Best J Racks

What is generally considered to be the best J rack out there for British (heavy) glass boats? Up to 4 boats will need to be loaded on top of Toyota Tundra (w/ cap) from the rear as it is very tall. 64" Thule (square) bars are 53" apart. For drives to local launches and long trips to Maine, Saguenay, etc…

Have a Yakima stacker now. PIA for 4 boats. Thanks for any thoughts.


I thought stackers were better
I have been liking the stackers, but not liking using straps which come off while I’m just getting the next boat on. I have found rope tied directly to the stacker bar works best.

One piece of line for each boat on each stacker bar worked great for me.

For j cradles the best I’ve seen come from Malone in all plastic.

I’ve hauled some ghastly heavy boats (like a 70 lb 16’ 6" vintage Dagger Magellan) long distances (like 600 miles) at interstate highway speeds on standard Thule fixed position metal j-racks with never a problem. But the pitch of the rack restricts side to side spacing – for hauling 4 boats on one roof I would go with fixed position steel “stacker” type straight racks. Honestly, if I was going to regularly haul that many glass or heavy rotomold boats I would get a trailer for them – that’s what most of my paddling buddies with glass boats do.

Hull-A-Port PRO
get the folding Hull-a-port PRO model so it folds flat when not in use or your Tundra will have quite the forest of empty J racks when not toting kayaks about. This is what I use on my Landcruiser which has about the same height as your vehicle. 3 pair are on a Kari-Tek ELRR 1300 to facilitate loading from the side.

See you on the water,


The River Connection, Inc.

Hyde Park, NY

if you think stackers suck…
…then you haven’t yet tried to load four sea kayaks into j cradles. I’m not even sure you can FIT four j cradles on one roof!

I’d never switch from stakcers to j cradles.

Malone - not so much
I have only ever used the Malone J-racks and while they have worked ok I can not give them a 4 star rating. There have been two issues. They are a pain to put the straps on because both of my boats sit on the slots in the bottom of the J and you have to lift the boats to thread the strap through. Not a big deal but a pain. Second the plastic wing nuts that tighten the rack on the bar fell apart after about 2 years. That still allows the internal nut to be tightened with a wrench but again a pain. So they work but a a two-fold pain.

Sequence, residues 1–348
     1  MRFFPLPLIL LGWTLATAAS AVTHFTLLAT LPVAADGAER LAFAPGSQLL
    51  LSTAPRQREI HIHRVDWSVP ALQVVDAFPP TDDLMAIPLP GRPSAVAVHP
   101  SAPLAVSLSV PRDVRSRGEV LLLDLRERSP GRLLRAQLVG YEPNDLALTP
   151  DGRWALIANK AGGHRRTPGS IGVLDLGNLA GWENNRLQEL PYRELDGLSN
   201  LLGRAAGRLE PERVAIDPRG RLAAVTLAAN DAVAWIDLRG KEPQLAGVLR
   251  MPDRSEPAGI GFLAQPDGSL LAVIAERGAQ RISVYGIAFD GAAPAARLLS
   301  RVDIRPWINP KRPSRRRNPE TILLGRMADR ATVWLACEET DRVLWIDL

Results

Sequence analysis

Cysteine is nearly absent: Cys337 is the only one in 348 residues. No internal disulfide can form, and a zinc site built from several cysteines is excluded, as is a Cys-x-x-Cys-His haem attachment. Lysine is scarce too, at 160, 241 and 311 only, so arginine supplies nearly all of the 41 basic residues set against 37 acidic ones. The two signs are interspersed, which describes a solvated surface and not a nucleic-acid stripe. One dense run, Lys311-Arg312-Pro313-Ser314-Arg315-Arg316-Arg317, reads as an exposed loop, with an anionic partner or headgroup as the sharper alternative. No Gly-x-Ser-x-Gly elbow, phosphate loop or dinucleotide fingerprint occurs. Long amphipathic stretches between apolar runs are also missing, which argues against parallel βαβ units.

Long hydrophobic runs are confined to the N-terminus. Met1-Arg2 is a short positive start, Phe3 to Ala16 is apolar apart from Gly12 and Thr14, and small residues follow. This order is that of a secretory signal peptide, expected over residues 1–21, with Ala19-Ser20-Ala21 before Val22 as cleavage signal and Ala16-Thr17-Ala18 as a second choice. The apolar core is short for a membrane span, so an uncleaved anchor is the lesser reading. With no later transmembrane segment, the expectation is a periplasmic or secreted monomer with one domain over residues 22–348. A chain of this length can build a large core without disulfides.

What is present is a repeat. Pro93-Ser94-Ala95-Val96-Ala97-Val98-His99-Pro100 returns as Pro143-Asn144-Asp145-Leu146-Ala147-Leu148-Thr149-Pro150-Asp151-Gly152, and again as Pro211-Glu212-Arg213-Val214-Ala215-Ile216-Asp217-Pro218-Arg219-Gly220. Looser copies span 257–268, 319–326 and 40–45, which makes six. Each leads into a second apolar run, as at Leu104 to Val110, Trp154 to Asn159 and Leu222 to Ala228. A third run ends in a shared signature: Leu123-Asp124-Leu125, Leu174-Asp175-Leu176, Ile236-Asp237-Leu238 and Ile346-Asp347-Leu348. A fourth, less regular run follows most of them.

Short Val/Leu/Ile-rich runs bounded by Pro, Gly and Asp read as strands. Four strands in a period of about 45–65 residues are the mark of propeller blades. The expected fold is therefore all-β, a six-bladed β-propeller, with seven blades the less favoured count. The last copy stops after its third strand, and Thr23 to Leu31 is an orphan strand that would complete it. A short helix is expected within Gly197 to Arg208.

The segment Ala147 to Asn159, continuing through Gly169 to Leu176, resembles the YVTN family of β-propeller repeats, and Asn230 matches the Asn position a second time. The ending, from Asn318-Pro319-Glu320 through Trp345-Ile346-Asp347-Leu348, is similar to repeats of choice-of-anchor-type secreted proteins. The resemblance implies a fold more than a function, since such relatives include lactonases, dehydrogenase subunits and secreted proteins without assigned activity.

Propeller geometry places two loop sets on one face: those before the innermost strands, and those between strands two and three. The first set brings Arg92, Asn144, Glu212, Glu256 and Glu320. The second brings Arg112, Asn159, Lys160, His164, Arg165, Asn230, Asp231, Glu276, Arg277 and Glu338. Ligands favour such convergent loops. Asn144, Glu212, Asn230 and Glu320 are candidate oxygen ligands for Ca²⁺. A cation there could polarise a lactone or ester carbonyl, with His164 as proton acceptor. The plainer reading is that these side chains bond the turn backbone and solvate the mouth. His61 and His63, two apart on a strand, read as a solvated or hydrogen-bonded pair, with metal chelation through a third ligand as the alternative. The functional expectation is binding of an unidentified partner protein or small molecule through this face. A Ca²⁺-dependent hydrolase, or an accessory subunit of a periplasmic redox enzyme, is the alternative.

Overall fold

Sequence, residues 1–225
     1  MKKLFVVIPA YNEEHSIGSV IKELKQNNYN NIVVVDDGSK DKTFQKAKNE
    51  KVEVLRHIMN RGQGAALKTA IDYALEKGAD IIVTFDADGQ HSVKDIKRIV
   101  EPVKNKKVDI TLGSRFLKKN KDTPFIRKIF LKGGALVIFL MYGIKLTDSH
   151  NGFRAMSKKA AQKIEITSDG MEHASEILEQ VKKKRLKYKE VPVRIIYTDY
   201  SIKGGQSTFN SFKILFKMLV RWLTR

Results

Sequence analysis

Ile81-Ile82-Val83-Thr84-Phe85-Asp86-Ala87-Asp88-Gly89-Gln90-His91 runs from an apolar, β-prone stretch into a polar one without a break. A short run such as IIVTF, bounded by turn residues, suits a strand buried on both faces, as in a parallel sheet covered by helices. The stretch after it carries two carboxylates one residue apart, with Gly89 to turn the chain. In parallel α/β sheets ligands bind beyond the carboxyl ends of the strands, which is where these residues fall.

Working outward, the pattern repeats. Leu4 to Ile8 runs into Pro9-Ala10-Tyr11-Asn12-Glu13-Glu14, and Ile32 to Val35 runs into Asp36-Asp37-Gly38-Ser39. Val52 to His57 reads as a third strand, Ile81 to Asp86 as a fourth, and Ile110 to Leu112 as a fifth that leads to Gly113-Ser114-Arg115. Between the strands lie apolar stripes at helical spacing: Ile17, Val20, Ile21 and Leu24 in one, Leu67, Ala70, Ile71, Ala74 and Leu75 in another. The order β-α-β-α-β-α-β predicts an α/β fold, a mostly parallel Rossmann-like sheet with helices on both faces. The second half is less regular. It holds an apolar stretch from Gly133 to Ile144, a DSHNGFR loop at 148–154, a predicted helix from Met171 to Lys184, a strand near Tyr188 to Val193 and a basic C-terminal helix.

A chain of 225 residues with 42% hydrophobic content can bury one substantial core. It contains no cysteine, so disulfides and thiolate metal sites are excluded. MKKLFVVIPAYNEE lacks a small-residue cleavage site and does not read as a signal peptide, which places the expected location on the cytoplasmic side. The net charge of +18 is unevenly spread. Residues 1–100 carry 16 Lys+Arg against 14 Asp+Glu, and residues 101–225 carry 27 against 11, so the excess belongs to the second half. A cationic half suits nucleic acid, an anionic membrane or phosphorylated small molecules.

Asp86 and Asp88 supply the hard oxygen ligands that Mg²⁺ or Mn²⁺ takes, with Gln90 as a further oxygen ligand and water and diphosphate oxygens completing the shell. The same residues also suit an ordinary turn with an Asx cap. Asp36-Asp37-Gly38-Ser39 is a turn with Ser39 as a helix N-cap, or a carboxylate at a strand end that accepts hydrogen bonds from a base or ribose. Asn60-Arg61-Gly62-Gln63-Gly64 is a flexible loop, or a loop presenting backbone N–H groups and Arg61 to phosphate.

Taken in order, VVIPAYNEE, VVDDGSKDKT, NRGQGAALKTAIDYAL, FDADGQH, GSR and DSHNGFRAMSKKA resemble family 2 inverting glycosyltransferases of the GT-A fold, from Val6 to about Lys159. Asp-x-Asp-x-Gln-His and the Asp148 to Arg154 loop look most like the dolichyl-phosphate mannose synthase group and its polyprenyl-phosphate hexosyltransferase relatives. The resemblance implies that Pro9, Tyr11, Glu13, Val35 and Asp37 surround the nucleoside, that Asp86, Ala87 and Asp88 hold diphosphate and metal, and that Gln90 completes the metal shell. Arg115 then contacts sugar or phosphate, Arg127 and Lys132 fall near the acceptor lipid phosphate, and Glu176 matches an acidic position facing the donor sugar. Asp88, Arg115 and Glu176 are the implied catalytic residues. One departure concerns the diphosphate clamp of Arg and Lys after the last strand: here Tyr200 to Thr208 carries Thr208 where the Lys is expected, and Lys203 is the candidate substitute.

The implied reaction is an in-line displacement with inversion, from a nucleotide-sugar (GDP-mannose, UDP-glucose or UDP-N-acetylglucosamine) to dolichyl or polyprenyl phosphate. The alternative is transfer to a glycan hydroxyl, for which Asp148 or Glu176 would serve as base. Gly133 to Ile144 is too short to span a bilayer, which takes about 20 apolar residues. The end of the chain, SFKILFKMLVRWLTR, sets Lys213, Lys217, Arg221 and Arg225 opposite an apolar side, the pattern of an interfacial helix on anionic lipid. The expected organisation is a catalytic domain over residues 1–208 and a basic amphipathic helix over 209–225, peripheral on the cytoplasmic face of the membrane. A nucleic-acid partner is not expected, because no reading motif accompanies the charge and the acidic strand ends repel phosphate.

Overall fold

folding components
I’m leery of rack components that fold away – any time you have something hinged like that it strikes me as a potentially weak point. I’ve been using my solid j-racks for 8 years and have had no trouble with the fittings, even though I take them off the bars after most uses for security reasons. I don’t know why people consider them difficult to load. I thread straps (the long blue Thule wide ones) through the top of the steel loop and drape them fore or aft before sliding the boat on, then just grab the ends and toss them over the boat and thread through the lower j-bar loop and then around the rack bar at least once before securing the buckle. I can haul 3 boats, one on each j-rack and one slid in between. But, like I said, 4 j-racks wouldn’t fit on most normal vehicles.

4 J’s no problem
For sea kayaks 4 J’s on a 65" bar no problem. Now loading them up on a high truck cab, no one said that’d be easy. (Hence my use of an ELRR by Kari-Tek)

As to strength with the folding racks, just keep it under 86.732 mph (just a rough approximation) and you’ll have no problem. Actually with 4 kayaks that’s where the vehicle might be drag limited but I’ll leave that testing for Top Gear. The foldabitiy is mighty convenient if you’re hauling kayaks daily. Different strokes …

See you on the water,


The River Connection, Inc.

Hyde Park, NY

the hinge doesn’t bend

– Last Updated: Oct-16-13 10:56 AM EST – the same direction as the loading forces. It's like worrying that a j cradle will twist on a round bar. Sure it will - unless a boat is mounted.

People are always amazed at how solidly my boats are held when using the fold-down stacker. OTOH, j cradles take up more space, weigh significantly more, only take one boat per par and thus take up lots of space. And on a round bar they can rotate. The attachment plates are no larger in area than those for stackers.

If you're not strong or have a high roof, lifting over the lower hook of the "J" is something you don't have to do with a stacker.

Consider 3 or 4 bars
to spread the load and reduce the risk of one point failure taking things down. 250lbs is a lot on two bars. I had four bars on an Isuzu Trooper and a full size van, they were spaced in pairs as far apart as possible. With stackers, bar pads and foam canoe or kayak blocks you have lots of versatility without spending $600+ which can go to gas and food.

Have you loaded J cradles from the rear?
The only way I’ve seen it done is from the side, and probably for good reason.

Better try before you buy 4 sets of them.

Skip the J Cradles
Go with the widest bar you can, mount the boats on their sides on surfboard pads on the bars. Use 12’ straps. If you know someone who runs an expedition service check out how they load their racks. You can buy a small right angle adapter that goes on the end of the bar that keeps the kayaks from sliding off. I’ve used this method for several trips into mexico on bad roads and freeways.

My Yakima Js hold heavy boats
(80 lbs)very securely,but you will bust a gut trying to get a boat in them on top of a p/u. I also can’t envision using more than one set,

don’t worry about strength
I’ve been using (and abusing) a Thule Hull-A-Port Pro (folding J) for four years or so on my Thule rack.

Once or twice a week I carry my 60lb glass boat in it PLUS I use the backside of that J to stack up to 4 more 50-60lb plastic boats.

Highway speeds for days at a time and it’s a beast. Never a problem.